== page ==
The deal makes Rhule the sixth-highest paid coach in the NFL, according to Forbes. The five coaches ahead of him - New England's Bill Belichick, Seattle's Pete Carroll, Oakland's Jon Gruden, New Orleans' Sean Payton, and Baltimore's John Harbaugh, have all won Super Bowls.
On transition from college.. says he made nfl ready players at Temple and Baylor “we have a lot of guys in the pros. A lot of guys who get second contracts.”— Joe Mazur (@joemazurabc11) January 8, 2020
Rhule has a history of rebuilding college football programs.
Rhule says anyone who knows him knows family is the most important thing. Says he wouldn’t be here without his wife and family. pic.twitter.com/tA5avxOiyD— Bridget Condon (@BridgetABC11) January 8, 2020
He was named Baylor's coach on Dec. 6, 2016, after a sex scandal hit the program, resulting in the firing of Art Briles. The Bears went 1-11 in their first season under Rhule in 2017 with a depleted roster, but the team improved to 7-6 in 2018 and won a bowl game. Baylor went 11-1 in the regular season in 2019 before losing to Oklahoma in the Big 12 championship game and Georgia in the Sugar Bowl.
Prior to Baylor, Rhule also helped rebuild Temple's program, leading the Owls to back-to-back 10-win seasons in 2015 and 2016 after going 2-10 in his first season.
"You just start building," Rhule said. "One day at a time. I truly believe that everything counts and that everything's important."
The Panthers are also a team in need of a major rebuild.
Carolina suffered seven-game losing streaks in the second half of the 2018 and 2019 seasons and failed to reach the playoffs. The Panthers haven't won a playoff game since 2015 when they went 17-1 before losing to the Denver Broncos 24-10 in Super Bowl 50.
Rhule replaces Ron Rivera, who was fired with four games remaining in the 2019 regular season.
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This marks the first time the Panthers have dipped into the collegiate ranks to hire a head coach. Previous coaches were Dom Capers, George Seifert, John Fox, and Rivera. Perry Fewell was the interim coach the final four games this season, going 0-4.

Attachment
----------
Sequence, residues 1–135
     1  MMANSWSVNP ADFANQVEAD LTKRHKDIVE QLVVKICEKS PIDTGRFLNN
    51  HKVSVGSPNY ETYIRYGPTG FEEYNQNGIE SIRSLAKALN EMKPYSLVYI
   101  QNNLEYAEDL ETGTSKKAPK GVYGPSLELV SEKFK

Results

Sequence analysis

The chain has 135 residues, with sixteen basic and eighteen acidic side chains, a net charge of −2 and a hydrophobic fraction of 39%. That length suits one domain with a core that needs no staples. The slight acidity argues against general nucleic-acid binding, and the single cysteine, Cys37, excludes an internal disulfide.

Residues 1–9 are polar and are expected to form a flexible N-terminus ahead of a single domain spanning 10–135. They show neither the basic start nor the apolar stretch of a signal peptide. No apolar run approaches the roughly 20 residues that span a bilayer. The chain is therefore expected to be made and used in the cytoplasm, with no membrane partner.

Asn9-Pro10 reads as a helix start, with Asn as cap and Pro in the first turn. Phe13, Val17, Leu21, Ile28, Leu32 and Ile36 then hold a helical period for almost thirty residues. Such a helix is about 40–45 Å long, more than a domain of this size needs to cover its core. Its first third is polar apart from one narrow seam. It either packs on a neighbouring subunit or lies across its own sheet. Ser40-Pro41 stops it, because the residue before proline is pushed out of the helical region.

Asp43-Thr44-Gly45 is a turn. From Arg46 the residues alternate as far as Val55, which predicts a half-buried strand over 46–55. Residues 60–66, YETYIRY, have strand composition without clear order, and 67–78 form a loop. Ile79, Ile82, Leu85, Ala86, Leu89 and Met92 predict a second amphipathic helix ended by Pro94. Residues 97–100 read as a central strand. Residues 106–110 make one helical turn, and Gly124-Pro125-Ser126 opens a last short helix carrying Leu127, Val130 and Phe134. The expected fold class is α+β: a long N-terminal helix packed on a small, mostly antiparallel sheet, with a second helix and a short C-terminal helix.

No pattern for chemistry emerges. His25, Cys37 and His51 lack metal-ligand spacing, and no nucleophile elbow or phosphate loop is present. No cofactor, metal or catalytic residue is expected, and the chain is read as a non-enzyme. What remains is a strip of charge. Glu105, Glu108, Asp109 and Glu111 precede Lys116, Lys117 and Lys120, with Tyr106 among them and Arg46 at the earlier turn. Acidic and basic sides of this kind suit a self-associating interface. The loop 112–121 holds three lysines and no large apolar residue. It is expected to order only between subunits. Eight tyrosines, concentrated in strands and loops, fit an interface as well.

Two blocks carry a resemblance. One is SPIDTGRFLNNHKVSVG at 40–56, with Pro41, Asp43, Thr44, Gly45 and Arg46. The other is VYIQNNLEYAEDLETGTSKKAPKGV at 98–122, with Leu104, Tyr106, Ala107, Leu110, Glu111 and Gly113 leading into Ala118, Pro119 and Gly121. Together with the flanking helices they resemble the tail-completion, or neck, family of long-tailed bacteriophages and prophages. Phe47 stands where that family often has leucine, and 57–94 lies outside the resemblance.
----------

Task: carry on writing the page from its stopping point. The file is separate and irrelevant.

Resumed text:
"I had a chance to be in the NFL, I worked under (former Giants head coach) Tom Coughlin. It wasn't a real long experience but I think it was a good experience," Rhule said of his coaching resume.
Rhule noted that his programs at Temple and Baylor produced a number of players who went on to the NFL.
As for the Panthers, Rhule had a message for fans.
"We're going to have a tough, hardworking, competitive team," Rhule said. "Tough to me means that each and every day no matter how we feel, no matter what the circumstances are, we're going to come to work and we're going to do our job and get it done. I want guys that are competitive, that want to be the best."
Rhule said it's hard to plan right now because he doesn't know what the team will look like but he does know that no matter who's on the team he wants them to be the best they can be and be process-driven, worrying about one day at a time.
"I'm going to be just so process-driven that I'm really just going to worry about tomorrow, then the next day and the day after that," Rhule said.
He added that he plans to hire assistant coaches who are great teachers.
SEE ALSO | 'One regret is not winning the Super Bowl:' Ron Rivera reflects on time as head coach of Carolina Panthers
The Associated Press contributed to this report.